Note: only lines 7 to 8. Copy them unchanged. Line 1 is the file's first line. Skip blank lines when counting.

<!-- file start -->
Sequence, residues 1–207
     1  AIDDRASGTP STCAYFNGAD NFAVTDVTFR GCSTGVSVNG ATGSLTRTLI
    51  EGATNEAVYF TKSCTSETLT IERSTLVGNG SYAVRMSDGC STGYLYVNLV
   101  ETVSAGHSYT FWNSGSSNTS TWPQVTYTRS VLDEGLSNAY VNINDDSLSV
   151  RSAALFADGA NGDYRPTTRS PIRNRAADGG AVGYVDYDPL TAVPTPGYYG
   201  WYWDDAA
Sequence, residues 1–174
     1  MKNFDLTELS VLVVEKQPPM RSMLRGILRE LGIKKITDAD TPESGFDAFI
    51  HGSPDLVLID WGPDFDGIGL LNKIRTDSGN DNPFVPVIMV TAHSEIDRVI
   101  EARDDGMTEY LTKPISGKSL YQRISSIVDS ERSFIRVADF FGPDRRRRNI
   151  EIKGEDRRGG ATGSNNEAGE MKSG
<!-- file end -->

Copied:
Sequence, residues 1–174
     1  MKNFDLTELS VLVVEKQPPM RSMLRGILRE LGIKKITDAD TPESGFDAFI